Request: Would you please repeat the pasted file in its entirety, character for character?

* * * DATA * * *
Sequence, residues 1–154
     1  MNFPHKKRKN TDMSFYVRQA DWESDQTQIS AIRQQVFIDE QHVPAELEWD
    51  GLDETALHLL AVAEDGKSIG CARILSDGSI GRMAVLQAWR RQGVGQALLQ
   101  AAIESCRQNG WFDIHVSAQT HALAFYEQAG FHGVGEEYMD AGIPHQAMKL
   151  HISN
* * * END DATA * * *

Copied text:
Sequence, residues 1–154
     1  MNFPHKKRKN TDMSFYVRQA DWESDQTQIS AIRQQVFIDE QHVPAELEWD
    51  GLDETALHLL AVAEDGKSIG CARILSDGSI GRMAVLQAWR RQGVGQALLQ
   101  AAIESCRQNG WFDIHVSAQT HALAFYEQAG FHGVGEEYMD AGIPHQAMKL
   151  HISN